Plus emails. Interviews. Consultations. Business opportunities. Chronicling every single flight I’ve ever taken and every hotel I’ve ever stayed in, for my residency visa.
I feel as though I’m only just keeping on top of everything, as long as I do absolutely nothing on Never Ending Footsteps. Which is a problem, because this is my main source of income.
This month, I took a giant leap and hired four staff members to help me out. It’s time to stop being a big fish in a small pond and start making waves.
The importance of health checks: I thought I was being paranoid when I made an appointment for a mole mapping service. It’s fairly common to do so in New Zealand, though, which has the highest rate of skin cancer in the world.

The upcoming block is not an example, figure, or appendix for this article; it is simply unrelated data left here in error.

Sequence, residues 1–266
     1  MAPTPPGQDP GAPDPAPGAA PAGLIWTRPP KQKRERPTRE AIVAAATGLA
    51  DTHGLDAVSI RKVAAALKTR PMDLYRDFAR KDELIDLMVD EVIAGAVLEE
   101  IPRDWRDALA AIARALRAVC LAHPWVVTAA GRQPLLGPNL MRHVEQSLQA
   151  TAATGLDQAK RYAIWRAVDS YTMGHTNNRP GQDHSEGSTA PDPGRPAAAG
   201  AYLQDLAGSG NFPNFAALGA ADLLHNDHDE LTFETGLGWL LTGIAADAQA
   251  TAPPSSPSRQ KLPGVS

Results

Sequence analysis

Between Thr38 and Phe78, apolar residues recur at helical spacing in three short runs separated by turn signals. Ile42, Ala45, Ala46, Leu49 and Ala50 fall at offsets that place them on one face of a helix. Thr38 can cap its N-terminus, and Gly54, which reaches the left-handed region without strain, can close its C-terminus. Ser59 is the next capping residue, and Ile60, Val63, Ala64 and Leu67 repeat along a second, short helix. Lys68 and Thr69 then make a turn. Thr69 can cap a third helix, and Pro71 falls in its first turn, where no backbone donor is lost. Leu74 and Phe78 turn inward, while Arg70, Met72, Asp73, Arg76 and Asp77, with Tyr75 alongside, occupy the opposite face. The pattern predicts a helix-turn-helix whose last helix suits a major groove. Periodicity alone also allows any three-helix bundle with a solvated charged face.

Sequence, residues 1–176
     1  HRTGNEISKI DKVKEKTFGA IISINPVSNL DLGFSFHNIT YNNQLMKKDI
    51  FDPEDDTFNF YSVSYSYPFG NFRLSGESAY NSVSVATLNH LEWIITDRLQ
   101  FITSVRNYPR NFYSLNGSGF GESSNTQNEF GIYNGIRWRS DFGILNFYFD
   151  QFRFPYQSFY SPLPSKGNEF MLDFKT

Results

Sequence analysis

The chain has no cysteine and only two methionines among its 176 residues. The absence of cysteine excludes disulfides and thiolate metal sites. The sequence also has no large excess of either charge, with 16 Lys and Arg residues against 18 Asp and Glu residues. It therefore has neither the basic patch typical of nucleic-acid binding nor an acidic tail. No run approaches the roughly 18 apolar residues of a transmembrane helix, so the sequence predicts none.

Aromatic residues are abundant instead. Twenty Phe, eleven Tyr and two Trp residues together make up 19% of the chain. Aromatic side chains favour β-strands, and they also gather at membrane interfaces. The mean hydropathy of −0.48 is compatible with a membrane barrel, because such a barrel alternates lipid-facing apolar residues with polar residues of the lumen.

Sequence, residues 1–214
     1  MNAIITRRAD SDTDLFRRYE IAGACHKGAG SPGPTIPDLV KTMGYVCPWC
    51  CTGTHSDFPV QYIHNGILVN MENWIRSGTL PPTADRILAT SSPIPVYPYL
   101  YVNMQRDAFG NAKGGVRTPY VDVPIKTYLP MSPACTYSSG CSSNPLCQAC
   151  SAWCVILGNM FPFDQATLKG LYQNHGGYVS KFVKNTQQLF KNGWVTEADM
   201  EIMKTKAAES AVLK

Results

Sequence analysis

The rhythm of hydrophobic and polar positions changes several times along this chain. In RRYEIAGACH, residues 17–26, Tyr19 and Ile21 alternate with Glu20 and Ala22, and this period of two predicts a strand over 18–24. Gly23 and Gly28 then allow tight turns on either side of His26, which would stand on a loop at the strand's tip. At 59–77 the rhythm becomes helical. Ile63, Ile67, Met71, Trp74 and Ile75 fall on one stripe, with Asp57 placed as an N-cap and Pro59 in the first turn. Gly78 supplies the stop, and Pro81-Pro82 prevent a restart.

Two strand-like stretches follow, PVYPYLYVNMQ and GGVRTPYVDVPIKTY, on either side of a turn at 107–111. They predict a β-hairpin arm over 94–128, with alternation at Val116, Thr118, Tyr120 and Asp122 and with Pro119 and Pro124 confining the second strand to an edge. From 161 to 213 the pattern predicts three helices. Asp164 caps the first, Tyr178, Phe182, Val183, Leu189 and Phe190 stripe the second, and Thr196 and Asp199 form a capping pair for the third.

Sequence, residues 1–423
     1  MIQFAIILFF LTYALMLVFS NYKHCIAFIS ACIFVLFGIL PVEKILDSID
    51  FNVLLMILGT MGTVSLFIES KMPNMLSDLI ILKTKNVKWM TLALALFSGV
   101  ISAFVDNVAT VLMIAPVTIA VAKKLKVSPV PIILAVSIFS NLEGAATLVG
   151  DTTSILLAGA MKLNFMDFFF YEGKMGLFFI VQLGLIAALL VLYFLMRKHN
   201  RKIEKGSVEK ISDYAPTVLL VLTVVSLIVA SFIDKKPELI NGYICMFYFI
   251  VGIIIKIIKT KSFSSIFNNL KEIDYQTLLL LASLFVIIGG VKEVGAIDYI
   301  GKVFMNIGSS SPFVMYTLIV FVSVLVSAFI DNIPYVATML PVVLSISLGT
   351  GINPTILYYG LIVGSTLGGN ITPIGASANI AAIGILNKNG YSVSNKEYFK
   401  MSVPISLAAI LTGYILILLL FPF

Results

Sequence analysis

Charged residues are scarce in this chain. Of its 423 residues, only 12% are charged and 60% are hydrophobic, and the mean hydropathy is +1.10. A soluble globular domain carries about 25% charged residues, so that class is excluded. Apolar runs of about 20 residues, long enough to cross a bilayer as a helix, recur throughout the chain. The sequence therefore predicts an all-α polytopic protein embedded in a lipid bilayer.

I knew I was young and had little risk, but I also knew I’d spent ten years following summer around the world. I also have a family history of melanoma.
When you get your moles mapped, you stand in your underwear while somebody examines your every blemish, takes photos of them, and maps them to your body on their computer. Then, you can return every few years to compare your current mole situation with your baseline.
Turns out I have an atypical mole. That was a shock. It’s on my back, usually hidden by my bra, and I had no idea it was there. It’s dark, blotchy, asymmetrical, and kind of scary-looking. It looks exactly like the photos of melanomas you see online.
I need to return in three months for an additional check-up, then get my skin mapped every year from now on, as I’m deemed to have a moderate risk of developing skin cancer.
And I’d have no idea if I hadn’t been so proactive about my health.
My Next Steps
If I had to choose a theme for February, it would have to be
breaking myself hiking. I’ve got so many mountains to climb this month!